IGV Exhaust Temperature Control can be used to increase steam production <i>over that which would be available without using IGV Exhaust Temperature Control</i>--but that's all. Air flow is down because the IGVs are being closed to increase exhaust temperature. Exhaust temperature increase will help to make steam temperature higher and to slightly increase steam production--but only above what would be possible at any Part Load condition <i><b>without</i></b> IGV Exhaust Temperature Control.

Auxiliary ("Duct") firing is the only way to increase steam production significantly, and the only way to increase steam production above Base Load operation.

Thank you, otised, for the clarification. I was not very clear about "increased steam production," and it could have been interpreted to mean above Base Load production levels.
Thanks Otised and CSA, as always I am enjoying reading your explanation.

I think we will try to do IGV control sometime in October during HGPI, I will keep posting our findings. You may tell me what other parameters we should be looking? Besides, there are many common variables we will make note of those. I am still looking in this forum if they use IGV temp control.

Thanks for valuable info.

MANY plants use IGV Exhaust Temperature Control. In fact, most units with DLN combustors use IGV Exhaust Temperature Control whether or not they exhaust into an HRSG, and they can't disable it--it's always on.

It's proven technology that's been around for decades. It looks at the CPD-biased exhaust temperature reference, TTRX, and the actual exhaust temperature, TTXM, and adjusts the IGVs to try to keep the actual exhaust temperature as close to TTRX as possible while loading by keeping the IGVs closed as much as possible. As long as the CPD transmitters are working correctly and calibrated and scaled correctly there's really nothing additional to watch. You can look in the ToolboxST file to find the IGV control section and once you find that you can work backwards to the IGV Exhaust Temperature Control section and see what signal names there are to monitor. TXGVERR is one that comes to mind (I don't have any application code or sequencing to look at at this time).

Again, it's pretty tried-and-true, tested, proven logic. If you have some past Trends you can look at from start-up/loading, you can see how the IGVs work without IGV Exhaust Temperature Control enabled. What I think you'll find is that the IGVs stay closed until the exhaust temperature reaches approximately 700- or 900 deg F (I can never remember which temperature that is...). And then as the unit is loaded and the exhaust temperature would tend to increase the IGVs are opened to maintain the 700- or 900 deg F setpoint. Once the IGVs reach their maximum operating angle (typically 84 DGA for most older 7EA units), as load is increased the exhaust temperature will then start to rise--until it reaches TTRX, at which time the unit will be on CPD-biased Exhaust Temperature Control, or, Base Load.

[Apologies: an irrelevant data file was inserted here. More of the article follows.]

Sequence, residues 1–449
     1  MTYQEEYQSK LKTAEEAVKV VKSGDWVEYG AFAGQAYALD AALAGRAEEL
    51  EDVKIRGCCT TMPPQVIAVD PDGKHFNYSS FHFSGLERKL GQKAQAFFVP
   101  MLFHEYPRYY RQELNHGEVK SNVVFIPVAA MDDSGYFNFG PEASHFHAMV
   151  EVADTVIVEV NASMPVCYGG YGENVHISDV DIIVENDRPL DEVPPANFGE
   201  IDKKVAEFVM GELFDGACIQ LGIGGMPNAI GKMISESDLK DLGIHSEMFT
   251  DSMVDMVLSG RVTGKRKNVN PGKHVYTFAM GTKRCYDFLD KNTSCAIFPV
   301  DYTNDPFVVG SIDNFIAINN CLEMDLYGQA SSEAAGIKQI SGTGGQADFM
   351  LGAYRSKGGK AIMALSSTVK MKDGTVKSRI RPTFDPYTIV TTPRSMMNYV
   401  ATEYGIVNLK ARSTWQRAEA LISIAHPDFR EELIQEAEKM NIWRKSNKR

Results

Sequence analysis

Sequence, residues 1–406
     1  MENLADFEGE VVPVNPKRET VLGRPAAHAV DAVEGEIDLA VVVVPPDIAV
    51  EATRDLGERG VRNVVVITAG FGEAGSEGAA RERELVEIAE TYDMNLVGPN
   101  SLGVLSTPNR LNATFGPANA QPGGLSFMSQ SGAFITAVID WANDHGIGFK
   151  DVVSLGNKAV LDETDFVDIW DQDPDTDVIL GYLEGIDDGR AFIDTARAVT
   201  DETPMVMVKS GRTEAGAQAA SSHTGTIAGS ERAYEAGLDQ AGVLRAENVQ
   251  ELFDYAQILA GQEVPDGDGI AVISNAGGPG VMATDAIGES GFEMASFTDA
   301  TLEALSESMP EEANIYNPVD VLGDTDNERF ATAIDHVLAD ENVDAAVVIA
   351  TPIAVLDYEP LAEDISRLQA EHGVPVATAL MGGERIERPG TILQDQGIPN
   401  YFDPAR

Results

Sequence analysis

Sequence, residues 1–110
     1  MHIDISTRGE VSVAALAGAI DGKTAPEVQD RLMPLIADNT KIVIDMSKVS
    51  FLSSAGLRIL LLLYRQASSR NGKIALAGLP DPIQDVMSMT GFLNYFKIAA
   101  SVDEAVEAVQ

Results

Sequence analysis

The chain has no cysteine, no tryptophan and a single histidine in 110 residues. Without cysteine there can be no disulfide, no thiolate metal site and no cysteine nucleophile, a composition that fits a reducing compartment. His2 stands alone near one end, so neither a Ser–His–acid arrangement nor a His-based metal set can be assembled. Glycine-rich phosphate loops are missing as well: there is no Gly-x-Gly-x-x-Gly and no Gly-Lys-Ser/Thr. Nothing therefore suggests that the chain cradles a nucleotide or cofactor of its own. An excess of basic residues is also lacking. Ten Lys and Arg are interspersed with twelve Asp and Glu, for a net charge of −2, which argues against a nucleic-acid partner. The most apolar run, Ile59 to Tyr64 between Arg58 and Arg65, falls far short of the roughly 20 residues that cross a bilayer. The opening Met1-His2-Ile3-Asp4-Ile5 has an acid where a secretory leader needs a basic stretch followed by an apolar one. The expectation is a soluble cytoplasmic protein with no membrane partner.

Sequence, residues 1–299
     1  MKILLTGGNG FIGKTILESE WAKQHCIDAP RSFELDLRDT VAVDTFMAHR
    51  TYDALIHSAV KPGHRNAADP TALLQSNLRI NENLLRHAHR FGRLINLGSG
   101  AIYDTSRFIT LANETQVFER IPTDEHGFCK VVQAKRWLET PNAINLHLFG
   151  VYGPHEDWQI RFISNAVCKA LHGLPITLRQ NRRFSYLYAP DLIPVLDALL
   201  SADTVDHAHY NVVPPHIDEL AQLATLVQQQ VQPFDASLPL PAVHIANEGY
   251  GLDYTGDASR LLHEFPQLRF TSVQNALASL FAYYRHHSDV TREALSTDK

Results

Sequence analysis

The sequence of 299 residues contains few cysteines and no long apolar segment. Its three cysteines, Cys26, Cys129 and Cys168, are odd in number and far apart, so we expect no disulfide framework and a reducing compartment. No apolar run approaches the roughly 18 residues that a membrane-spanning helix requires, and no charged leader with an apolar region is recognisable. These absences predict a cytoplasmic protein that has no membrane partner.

With IGV Exhaust Temperature Control ON, as the unit is loaded the IGVs will stay closed much longer--until the exhaust temperature gets very close to TTRX. Then, as the unit is loaded and the exhaust temperature would tend to increase the IGVs are opened to maintain TTXM very close to TTRX. (Older units used to have a slight offset between TTRX and TTXM at Part Load, approximately 10 deg F; but newer control schemes have done away with the offset.) Once the IGVs reach their maximum operating angle, and TTXM is equal to TTRX, the unit will be at Base Load.

It's as simple as that. Find some recent start-up/loading Trends, or create one the next time the unit is started. You only need to monitor TTRX, TTXM, CPD, FSRN, FSRT, TNH, DW and CSGV. (And you don't even really need the FSRs or TNH--but it might be helpful when you compare the Trends of IGV Exh Temp Control OFF to IGV Exh Temp Control ON--which you should do when you are first trying IGV Exhaust Temperature Control so everyone can see the differences in exhaust temperature versus load.)

Thanks, I got it. It is easy to start the unit on IGV temp control from start up. What I am looking here how to go on IGV control, if you are already on BASE LOAD? Following steps are logical to start with (and correct me if I am wrong).

Reduce the load (about 10%) or till controlling FSR is FSRN. I will use governor as compared to preselect. I want to keep speed droop active in case grid sees any major upset. Hopefully at this time by selecting IGV temp control "ON" GT will have smooth ramp down (closing) on IGV to reach TTRX, which is new TTRX (TTRXGV).

Next week I will study the IGV temp reference block along with TTRXGVB. One question comes in mind: if one can not go below IGV reference angle, then what is the use of manual IGV button (open or close) on HMI? Or when this is used? Can we use after dropping the load? If so, then how the IGV reference is changed? Nothing was done except dropping the load. I think, I will get most of these questions answered if I go and study the related function blocks. Meantime any suggestions, please keep posting.


Typically, you are overthinking this. You can turn on IGV exhaust temperature control while the unit is at Base Load--nothing will happen (because the IGVs are at maximum operating angle and IIXM equals TTRX). I think if you look at TTRXGV while the unit is at Base Load you will see it probably equal to or very close to TTRX--it, along with TTRX, is being calculated ALL the time, even when the unit isn't running. It's just not active until IGV exhaust temp control is enabled and the unit is at Part Load.

As you lower TNR and the unit goes back on Droop Speed Control the exhaust temperature, TTXM, will (would) begin to drop--but IGV exhaust temp control will start closing the IGVs to keep TTXM equal to TTRX.

And, really? You're going to worry about grid frequency control in Southern California??? Shouldn't be a problem unless there is a big heat wave when you're attempting this, and then, should you be reducing load anyway.?.?.? And aren't there new units in Long Beach--BIG ones?